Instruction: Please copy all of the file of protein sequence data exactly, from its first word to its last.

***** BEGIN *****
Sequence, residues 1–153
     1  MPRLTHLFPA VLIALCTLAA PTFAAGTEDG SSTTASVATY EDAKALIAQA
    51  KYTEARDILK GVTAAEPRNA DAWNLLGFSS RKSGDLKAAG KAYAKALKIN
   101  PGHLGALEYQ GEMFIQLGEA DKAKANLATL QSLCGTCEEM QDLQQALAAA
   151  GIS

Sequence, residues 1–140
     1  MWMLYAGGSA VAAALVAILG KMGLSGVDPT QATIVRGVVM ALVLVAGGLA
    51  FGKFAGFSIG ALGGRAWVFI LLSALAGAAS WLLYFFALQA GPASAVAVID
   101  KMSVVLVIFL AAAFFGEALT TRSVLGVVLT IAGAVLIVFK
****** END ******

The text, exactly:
Sequence, residues 1–153
     1  MPRLTHLFPA VLIALCTLAA PTFAAGTEDG SSTTASVATY EDAKALIAQA
    51  KYTEARDILK GVTAAEPRNA DAWNLLGFSS RKSGDLKAAG KAYAKALKIN
   101  PGHLGALEYQ GEMFIQLGEA DKAKANLATL QSLCGTCEEM QDLQQALAAA
   151  GIS

Sequence, residues 1–140
     1  MWMLYAGGSA VAAALVAILG KMGLSGVDPT QATIVRGVVM ALVLVAGGLA
    51  FGKFAGFSIG ALGGRAWVFI LLSALAGAAS WLLYFFALQA GPASAVAVID
   101  KMSVVLVIFL AAAFFGEALT TRSVLGVVLT IAGAVLIVFK